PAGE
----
Statistics and research release
Risk algorithms data
We collected data on safer gambling algorithm triggers, stakes, session length and losses and payment methods on slots play from seven operators.
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The data and why we collected it
The Gambling Commission collected data on safer gambling algorithm triggers, stakes, session length and losses and payment methods on slots play from seven operators.
Where operator algorithms placed consumers into more than the four categories that were specified, operators were requested to make judgement to place into the most appropriate category.
The data was collected in April 2021 in order to inform our advice to Government and ongoing policy development. Data on payment providers covers the period from February to April 2021.
The aim of the data collection was to help determine whether there is a relationship between high-staking levels, and other indicators, and players experiencing harm.
How this data should be used
The data shows that high risk consumers exist at all staking levels, all spend levels and for all payment methods. It does not imply that removing high stakes will remove risk to players, as there is evidence that risk already exists at all staking levels.
However, using safer gambling algorithms as an imperfect proxy for harm, the data shows that there is a slight correlation between higher staking levels and higher propensity for players to be flagged as medium-risk or high-risk.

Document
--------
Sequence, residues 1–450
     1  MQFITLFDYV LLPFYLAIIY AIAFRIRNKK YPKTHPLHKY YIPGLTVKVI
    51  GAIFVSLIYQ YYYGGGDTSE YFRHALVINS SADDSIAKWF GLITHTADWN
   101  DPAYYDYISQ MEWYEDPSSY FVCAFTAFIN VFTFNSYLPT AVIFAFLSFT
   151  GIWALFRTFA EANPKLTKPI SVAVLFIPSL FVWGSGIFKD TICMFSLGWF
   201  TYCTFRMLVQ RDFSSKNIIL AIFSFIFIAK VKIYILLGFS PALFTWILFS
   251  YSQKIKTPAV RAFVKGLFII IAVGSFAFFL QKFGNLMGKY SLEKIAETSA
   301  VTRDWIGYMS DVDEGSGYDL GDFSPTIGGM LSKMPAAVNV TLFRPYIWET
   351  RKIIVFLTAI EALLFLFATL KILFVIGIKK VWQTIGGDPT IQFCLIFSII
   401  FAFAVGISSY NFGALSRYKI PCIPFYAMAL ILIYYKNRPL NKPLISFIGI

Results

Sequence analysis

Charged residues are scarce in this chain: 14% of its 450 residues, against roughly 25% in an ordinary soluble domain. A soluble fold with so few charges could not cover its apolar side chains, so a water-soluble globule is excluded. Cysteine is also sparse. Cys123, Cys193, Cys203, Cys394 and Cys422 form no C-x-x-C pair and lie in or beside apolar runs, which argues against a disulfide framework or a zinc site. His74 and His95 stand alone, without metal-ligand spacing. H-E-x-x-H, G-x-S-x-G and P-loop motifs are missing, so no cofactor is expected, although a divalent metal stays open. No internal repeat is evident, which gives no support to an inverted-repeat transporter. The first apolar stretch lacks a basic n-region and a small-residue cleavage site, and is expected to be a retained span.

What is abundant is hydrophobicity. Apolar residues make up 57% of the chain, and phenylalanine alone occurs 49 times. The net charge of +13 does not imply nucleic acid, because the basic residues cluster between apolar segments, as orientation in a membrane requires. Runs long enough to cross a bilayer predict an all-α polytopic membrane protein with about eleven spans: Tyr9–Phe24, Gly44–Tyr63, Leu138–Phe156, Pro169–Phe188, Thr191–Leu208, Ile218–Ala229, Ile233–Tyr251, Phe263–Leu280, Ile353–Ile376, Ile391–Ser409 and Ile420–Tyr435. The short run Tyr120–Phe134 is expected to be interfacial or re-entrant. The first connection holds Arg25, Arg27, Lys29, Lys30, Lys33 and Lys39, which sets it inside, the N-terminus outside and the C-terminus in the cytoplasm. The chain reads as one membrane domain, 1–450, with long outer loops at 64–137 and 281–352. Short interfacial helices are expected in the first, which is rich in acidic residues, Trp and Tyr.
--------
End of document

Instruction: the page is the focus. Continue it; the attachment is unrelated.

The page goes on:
It is important to note that:
- the slight correlation between higher stakes and risk is by no means conclusive, and not necessarily linear
- we would expect more red flags as indicators increase, as high staking and/or spend are used to train algorithms
- red flags can be a positive, if players are subsequently managed (through customer interactions, enhanced due diligence, etc.) properly and effectively.
It is important to note that the data does not show the relationship between being flagged and any subsequent customer interactions or change in consumer behaviour.
The data only represents of a handful of remote operators whose algorithms may not use the same triggers.
In addition to this it is also essential to note that:
- this data is a snapshot in time and therefore is not reflective of ongoing risk as players can move in and out of Problem Gambling Severity Index (PGSI) harm throughout their consumer journey
- players who might be flagged as high risk in one month could undergo enhanced due-diligence checks and move into the no risk category and vice versa
- high risk does not have to mean harm being experienced as it could act as a prevention. Similarly, no risk does not have mean no harm being experienced
- the majority of data in this request relates to slots only while algorithms would take into account other products when flagging customers
- players can reconcile losses in slots elsewhere through their gambling journeys.
Data and downloads
We are always keen to hear how these statistics are used and would welcome your views on this publication.